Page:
8. 8. Pointe-à-Pitre Basse-Terre Cayenne Fort-de-France Ajaccio Lille Rennes Nantes Poitiers Bordeaux Cefil Libourne Toulouse Montpellier Marseille Lyon Besançon Reims St Quentin en Yvelines Orléans Dijon Limoges Clermont- Ferrand Amiens RouenCaen Strasbourg Aix-en-Provence Nancy Metz Mamoudzou Saint-Denis Paris Guadeloupe GuyaneMartinique NORD - PAS- DE-CALAIS HAUTE- NORMANDIE BASSE- NORMANDIE BRETAGNE PAYS DE LA LOIRE POITOU- CHARENTES AQUITAINE MIDI- PYRéNéES LANGUEDOC- ROUSSILLON PROVENCE - ALPES - CôTE D’AZUR RHôNE-ALPES FRANCHE- COMTé CHAMPAGNE- ARDENNE îLE-DE- FRANCE (Paris region) CENTRE BOURGOGNE LIMOUSIN AUVERGNE ALSACELORRAINE Mayotte (Mayotte Branch) La Réunion Corse PICARDIE Regional Office Manager Regional Office Manager Alsace Joël Creusat Languedoc-Roussillon Francis Vennat Antilles-Guyane Georges-Marie Grenier Limousin Fabienne Le Hellaye Aquitaine Jean-Michel Quellec Lorraine Christian Toulet Auvergne Arnaud Stéphany Midi-Pyrénées Jean-Philippe Grouthier Bourgogne Moïse Mayo Nord - Pas-de-Calais Daniel Huart Bretagne Michel Guillemet Basse-Normandie Daniel Brondel Centre Dominique Perrin Haute-Normandie Jean-Christophe Fanouillet Champagne-Ardenne Laurence Bloch Pays de la Loire Jean-Paul Faur Corse Alain Tempier Picardie Yvonne Pérot Franche-Comté Patrick Pétour Poitou-Charentes Didier Blaizeau Île-de-France Sylvie Lagarde Provence - Alpes - Côte d'Azur Patrick Redor La Réunion - Mayotte Valérie Roux Rhône-Alpes Pascal Oger At December 31, 2013 INSEE’s regional organization INSEE resources are distributed across its Head Office located in Paris and the new Statistics Center in Metz, Regional Offices, and national computing centers and services. In France’s overseas départements (DOMs), the Regional Offices take the form of Inter-Regional Offices supported by regional services. Our Head Office defines statistical and economic work programs, allocating the tasks involved between its own units, the Regional Offices, and the national computing centers and services. It coordinates France’s official statistical service, and manages the Institute’s human, financial, and information-technology (IT) resources. Our Statistics Center in Metz, which opened in 2011, performs a range of functions in three areas: human resources management, IT production, and social and local statistics. INSEE Regional Offices collect most of the statistical data and handle a large share of their processing. In continuous contact with local players, they prepare studies and disseminate economic and social information locally. Their main interlocutors are decentralized central-government units and local authorities. Our national computing centers and services are in charge of IT projects and make the necessary software, hardware, and remote-transmission resources available to the Institute. INSEE: a nationwide presence Head Office Regional Office Regional Service National Computing Center or Service School or Training Center Inter-Regional Office INSEE 2013 Annual Report 8 9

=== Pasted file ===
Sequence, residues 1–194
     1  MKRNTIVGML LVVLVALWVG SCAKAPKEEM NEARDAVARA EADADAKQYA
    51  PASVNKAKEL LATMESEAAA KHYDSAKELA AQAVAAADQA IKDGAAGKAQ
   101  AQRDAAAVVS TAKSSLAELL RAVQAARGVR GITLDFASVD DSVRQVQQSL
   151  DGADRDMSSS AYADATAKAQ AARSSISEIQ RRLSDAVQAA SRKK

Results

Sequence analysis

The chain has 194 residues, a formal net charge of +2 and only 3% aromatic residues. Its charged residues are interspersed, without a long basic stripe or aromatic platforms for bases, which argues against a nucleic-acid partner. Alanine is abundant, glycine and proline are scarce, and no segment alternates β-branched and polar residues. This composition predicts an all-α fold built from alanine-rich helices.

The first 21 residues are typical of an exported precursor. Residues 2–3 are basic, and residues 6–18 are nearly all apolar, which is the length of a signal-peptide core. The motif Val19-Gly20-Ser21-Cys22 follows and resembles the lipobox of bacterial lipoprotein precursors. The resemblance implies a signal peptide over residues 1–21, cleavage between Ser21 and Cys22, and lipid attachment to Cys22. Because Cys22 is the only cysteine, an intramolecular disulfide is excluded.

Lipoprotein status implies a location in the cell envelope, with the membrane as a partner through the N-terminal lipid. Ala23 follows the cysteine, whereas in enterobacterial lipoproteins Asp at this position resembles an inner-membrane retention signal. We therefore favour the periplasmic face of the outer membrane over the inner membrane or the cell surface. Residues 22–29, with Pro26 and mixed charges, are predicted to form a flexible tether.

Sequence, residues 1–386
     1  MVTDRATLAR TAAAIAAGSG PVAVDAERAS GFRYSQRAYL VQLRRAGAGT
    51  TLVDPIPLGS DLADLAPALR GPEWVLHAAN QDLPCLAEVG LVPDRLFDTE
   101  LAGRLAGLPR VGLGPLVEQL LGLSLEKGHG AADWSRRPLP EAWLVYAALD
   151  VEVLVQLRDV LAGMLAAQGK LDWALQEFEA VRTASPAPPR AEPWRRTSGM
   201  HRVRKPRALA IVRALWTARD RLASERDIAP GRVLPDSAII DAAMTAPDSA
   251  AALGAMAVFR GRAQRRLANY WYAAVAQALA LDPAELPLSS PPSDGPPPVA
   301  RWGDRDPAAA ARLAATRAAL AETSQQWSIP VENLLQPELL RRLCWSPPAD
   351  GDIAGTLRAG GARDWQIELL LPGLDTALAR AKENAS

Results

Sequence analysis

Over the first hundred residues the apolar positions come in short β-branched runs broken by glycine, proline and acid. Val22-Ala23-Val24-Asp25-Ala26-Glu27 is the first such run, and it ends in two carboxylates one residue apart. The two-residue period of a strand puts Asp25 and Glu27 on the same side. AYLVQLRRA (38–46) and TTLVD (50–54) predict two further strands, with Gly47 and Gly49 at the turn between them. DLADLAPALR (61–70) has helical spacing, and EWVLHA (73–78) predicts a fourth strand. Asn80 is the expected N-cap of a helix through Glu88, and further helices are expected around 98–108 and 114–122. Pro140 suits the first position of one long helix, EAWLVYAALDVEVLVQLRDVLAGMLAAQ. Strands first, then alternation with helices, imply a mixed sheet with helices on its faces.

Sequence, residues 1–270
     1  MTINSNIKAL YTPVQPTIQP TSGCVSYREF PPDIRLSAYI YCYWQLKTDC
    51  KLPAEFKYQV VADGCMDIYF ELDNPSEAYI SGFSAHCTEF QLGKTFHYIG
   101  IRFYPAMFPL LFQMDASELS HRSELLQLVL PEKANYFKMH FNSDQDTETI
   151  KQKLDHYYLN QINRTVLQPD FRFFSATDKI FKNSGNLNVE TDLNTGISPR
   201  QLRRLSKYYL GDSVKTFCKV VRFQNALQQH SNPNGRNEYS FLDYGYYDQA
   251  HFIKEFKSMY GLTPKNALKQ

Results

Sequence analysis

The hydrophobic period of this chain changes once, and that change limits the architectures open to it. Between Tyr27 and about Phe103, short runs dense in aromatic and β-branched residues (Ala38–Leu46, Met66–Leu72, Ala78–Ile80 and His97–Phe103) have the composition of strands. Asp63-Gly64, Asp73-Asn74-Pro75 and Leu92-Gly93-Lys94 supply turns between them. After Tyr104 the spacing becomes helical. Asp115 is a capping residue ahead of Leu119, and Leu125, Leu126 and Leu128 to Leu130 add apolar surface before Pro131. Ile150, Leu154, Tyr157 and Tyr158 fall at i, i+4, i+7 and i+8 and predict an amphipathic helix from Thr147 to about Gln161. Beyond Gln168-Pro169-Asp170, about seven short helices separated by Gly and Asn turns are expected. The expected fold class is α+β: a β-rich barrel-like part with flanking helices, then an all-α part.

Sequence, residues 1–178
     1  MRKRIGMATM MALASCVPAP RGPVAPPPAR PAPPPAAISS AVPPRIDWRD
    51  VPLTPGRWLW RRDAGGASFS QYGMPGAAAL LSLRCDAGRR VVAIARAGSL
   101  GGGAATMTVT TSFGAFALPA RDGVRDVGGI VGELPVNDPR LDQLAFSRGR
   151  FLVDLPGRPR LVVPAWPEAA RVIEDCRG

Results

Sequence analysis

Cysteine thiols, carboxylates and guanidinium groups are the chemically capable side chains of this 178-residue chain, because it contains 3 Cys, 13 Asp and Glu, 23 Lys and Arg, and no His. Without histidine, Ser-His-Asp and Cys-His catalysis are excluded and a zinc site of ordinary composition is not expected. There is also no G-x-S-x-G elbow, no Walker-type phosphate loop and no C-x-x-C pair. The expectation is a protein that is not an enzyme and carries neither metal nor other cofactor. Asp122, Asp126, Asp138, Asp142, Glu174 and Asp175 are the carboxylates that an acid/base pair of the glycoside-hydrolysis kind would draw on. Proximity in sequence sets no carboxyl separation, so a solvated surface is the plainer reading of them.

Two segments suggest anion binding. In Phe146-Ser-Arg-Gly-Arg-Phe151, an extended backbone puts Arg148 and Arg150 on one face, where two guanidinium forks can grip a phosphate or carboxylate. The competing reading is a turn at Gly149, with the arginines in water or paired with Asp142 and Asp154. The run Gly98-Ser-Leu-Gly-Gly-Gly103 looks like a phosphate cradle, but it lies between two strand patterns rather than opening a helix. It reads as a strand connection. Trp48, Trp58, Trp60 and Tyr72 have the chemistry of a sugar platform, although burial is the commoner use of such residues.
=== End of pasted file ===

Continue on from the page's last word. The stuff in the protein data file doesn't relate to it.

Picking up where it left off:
9. 9. 2013 highlights 11 Increasing the impact of INSEE on public debate 14 Advances in understanding globalization 17 Revision of the Labour Force Survey 20 Supporting public policies in access to services, and urban policy INSEE 2013 Annual Report 10